A: No. Throughout the crisis I have not heard of any country that has ejected citizens because of their nationality. You are in Spain, hopefully having a fabulous trip, and whatever rules Spain may bring in outsiders will not apply retrospectively to you. Furthermore even if things go horribly wrong in the UK, and the government decides to put in another mandatory ban on overseas leisure travel, because you are already out of the country it will not apply to you.
Q: We are due to go to Tenerife with Jet2 for Christmas (10 days) . Do you anticipate, based on previous actions by Spain that they will bring in any further restrictions before then? We have a two- and a six-year-old and two fully vaccinated boosted adults. We are so nervous now we haven’t packed a thing, any thoughts on the situation with our trip. Unless we are required to self isolate, I think it goes ahead as it is planned at the moment? We have been doing daily LFDs and all negative so far.
A: I am glad to hear you have been taking tests regularly – in your position I would rate the biggest risk as testing positive in the UK before departure. But keep being careful and you should be in line for a lovely holiday.
Q: We are hoping to visit my daughter in Barcelona on 23 December. Is it likely that Spain will impose similar restrictions to France?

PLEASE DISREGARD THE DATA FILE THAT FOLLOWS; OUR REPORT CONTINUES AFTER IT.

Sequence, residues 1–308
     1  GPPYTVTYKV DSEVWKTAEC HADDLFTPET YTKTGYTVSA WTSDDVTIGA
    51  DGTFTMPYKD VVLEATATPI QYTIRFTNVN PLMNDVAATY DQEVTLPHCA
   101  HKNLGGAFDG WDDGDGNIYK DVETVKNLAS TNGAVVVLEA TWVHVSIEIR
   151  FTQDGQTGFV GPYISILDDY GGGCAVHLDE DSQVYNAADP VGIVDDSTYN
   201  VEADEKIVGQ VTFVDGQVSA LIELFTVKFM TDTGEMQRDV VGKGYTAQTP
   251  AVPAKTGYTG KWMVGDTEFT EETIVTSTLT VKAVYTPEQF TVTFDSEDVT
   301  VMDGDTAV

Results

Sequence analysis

A: No. It could well be though, that you may face additional testing requirements.
Q: My partner and I are booked to fly with Qatar Airways to Bangkok on 28 December. All Thailand Pass/testing hoops will of course be jumped through.. our main concern is the risk of having someone sitting in close proximity to us on the planes who ends up with a positive covid test on arrival and we are then all scooped up into some government quarantine. What do you think?
Thailand 4 New Year
A: Most regrettably, this is a risk that all travellers must take – that somebody’s pre-departure test fails to pick up an infection. But I believe most countries take a more measured approach than the UK has done in the past, which is to make everyone on the plane, however far away, quarantine.
Q: We know that the countries previously on the red list have been removed, but what wasn’t clear from the gov was whether hotel quarantine will be removed for returning from countries added to the red list in the future. Is home isolation replacing hotel quarantine?
A: How refreshing, Louise, to have a non-French ban question. I imagine there may be somebody in government contemplating this problem, and I will certainly give them a nudge, but judging by the performance over the last few days at present I don’t think anybody has much of a clue.